Speaking to that premise, Cohen and O'Brien's screenplay pits its two leads as an average suburban couple who severely embrace their suburbaness. They love their upper middle-class neighborhood (where they have a house they could probably sell and make at least the first couple years tuition off if they were truly desperate) they live in, they enjoy attending community meetings, and they have become best friends with their only child, daughter Alex (Ryan Simpkins), who they are now losing to college. They are about to become the owners of an empty nest (another reason they could afford to downsize) and while I admire the fact Alex is a cool enough kid to recognize how cool it is that she has parents like Scott (Ferrell) and Kate (Poehler) that doesn't mean she doesn't want to be a normal high school senior and spend the summer before her freshman year at Bucknell University with friends she won't see as often come fall. The bigger problem that adjusting to the changes each member of the Johansen family will soon be facing though is the fact Scott and Kate have no money to afford Bucknell's tuition. They were expecting Alex would receive a full-ride scholarship through their local chamber of commerce in their cozy Fox Meadow, but at the last minute corrupt city council member Bob (Nick Kroll) persuades most of the community to dedicate their resources to a community water park rather than allowing only one family to benefit from their annual budget. This leaves Scott and Kate scrambling for ideas as to how to fund their daughter's future. Enter Scott's best friend Frank (Jason Mantzoukas) who is the midst of a divorce with his wife Raina (Michaela Watkins) and who desperately needs the vacation he, Scott, and Kate have been planning to Vegas. And so, despite the fact the crux of the plot depends on Scott and Kate not having enough money to send their child to college they presumably drop a couple grand on a trip to Vegas where Scott gives Frank the bright idea to start an underground casino in their house where they might both make enough money to remedy their problems. Of course, we all know such a plan won't possibly turn out for the best, but Scott and Kate decide to go along with Frank's plan anyway which eventually sees them become unrecognizable in their roles as "The Butcher" and "The Burner".
At a lean 88 minutes one of the few redeeming qualities the film has going for it is the fact it doesn't overstay its welcome. “The House” quickly sets up our conflict and does so in the way comedies do by adding in an ensemble of characters that are meant to provide small moments of comedy around that main conflict. Another aspect “The House” has going for it is indeed the troupe of strong comedy players sprinkled in throughout the supporting roles that offer isolated moments of funny, but aren't strong enough on their own to create a feeling of a cohesive sense of humor across the whole of the movie. Whether it be the fresh presence of someone like Rory Scovel, who I wasn't familiar with prior and who brings a sense of obliviousness to the proceedings as he is more than willing to participate in whatever he might be included in or Lennon Parham and Andrea Savage as two rival moms in the community that tend to butt heads on every topic that comes up, but mostly a potluck that left a sour taste. There are other recognizable faces such as Cedric Yarbrough, Allison Tolman and Rob Huebel who, along with the main players, each try to bring their own special something to the mix that makes this experience enjoyable to a certain degree even if it doesn't make the movie overall that much better. Examples of this would include Huebel's do-gooder cop who always gets caught in unfortunate circumstances or the blossoming relationship that isn't between Kroll and Tolman's characters that elicit, at the very least, smirks from viewers who are familiar with these character actors and accustomed to their quirks. This even goes for Ferrell and Poehler who have fine enough chemistry with one another and very clearly understand the line they're walking between what roles people expect them to fill through to the type of personalities they possess and/or come to inhabit. Many of the subplots and supporting players fill in as fine enough comedy fodder from time to time, but even as Ferrell and Poehler have something of an interesting approach to their characters in that they're coming from a place where these people are proud of what they've built despite not seeming to really have an idea of what's going on or how to “adult” the result still falls flat. Despite Scott's legit fear of numbers and the fact the script gives us no indication as to what either Scott or Kate do for a living these two have made a comfortable life for themselves and so to see two comedy minds like that of Ferrell and Poehler's take on such a persona that would then evolve into this warped sense of reality because of this growing lie would seemingly be nothing but a lot of fun, but for one reason or another Cohen simply doesn't know how to harness such energy.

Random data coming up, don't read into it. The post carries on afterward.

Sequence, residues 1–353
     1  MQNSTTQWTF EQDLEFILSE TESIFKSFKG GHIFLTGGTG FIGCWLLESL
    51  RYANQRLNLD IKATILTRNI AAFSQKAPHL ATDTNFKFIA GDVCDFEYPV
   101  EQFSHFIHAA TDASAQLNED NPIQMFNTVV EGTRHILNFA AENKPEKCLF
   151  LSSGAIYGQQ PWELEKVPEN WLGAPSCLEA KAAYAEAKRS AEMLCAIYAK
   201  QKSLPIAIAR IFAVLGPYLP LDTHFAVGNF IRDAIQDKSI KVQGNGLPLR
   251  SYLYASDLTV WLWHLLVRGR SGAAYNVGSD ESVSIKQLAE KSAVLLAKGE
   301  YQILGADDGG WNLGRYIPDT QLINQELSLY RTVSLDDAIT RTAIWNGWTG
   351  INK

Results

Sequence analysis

What are these reasons, then? Why-given the talent involved here-could Cohen not craft a better film and a funnier comedy? One could go on and on about how much more difficult it is to craft a successful comedy than that of an effective drama, but that isn't the case with the “The House.” The case with “The House” is more the script only does half of what it's supposed to with Cohen and O'Brien assuming that they have a funny enough cast to prop up the funny side of their story. A movie is first and foremost only as strong as its script and with Cohen and O'Brien only providing a premise and a structure upon which that premise plays out what is absent are the key ingredients that would make any film worth watching: authentic and interesting characters. While Ferrell and Poehler do what they can what they're given are vague outlines of who these people are. Moreover, they are given the outlandish circumstances of the plot for which Cohen and O'Brien seemingly hoped their comic actors would react to in hilariously comedic ways. Past only being funny, comedies must have characters we care about, that we become interested in, and want to ride out the remainder of their conflict with even if we know it has been comically blown out of proportion. “The House” simply doesn't offer anything of such substance. Rather, it zips by and hits the expected beats of a generic studio comedy to check off all the boxes that need to be checked for this to be called an actual movie. Admittedly, Cohen does seem to want to try some things out aesthetically with his feature debut as the color palette changes to a more monochromatic canvas of dark grays and steel blues in some sequences and faded brown with hints of gold in the homemade casino ones over the course of the film. While it's easy to detect this shift in tone from the earlier, bright images that paint the picture of a scenic suburban neighborhood the fact the only reason such a shift takes place is because these characters we don't care about are getting deeper and deeper into their lie makes it something that doesn't really register as an artistic choice. That's the worst of it all, in fact, in that “The House” itself doesn't even care if its audience cares about its characters, but would love nothing more than if we pointed and laughed at them. This doesn't work for all the reasons stated above, but when we do laugh it's mostly thanks to Mantzoukas so thank God, but not this movie, for Jason Mantzoukas.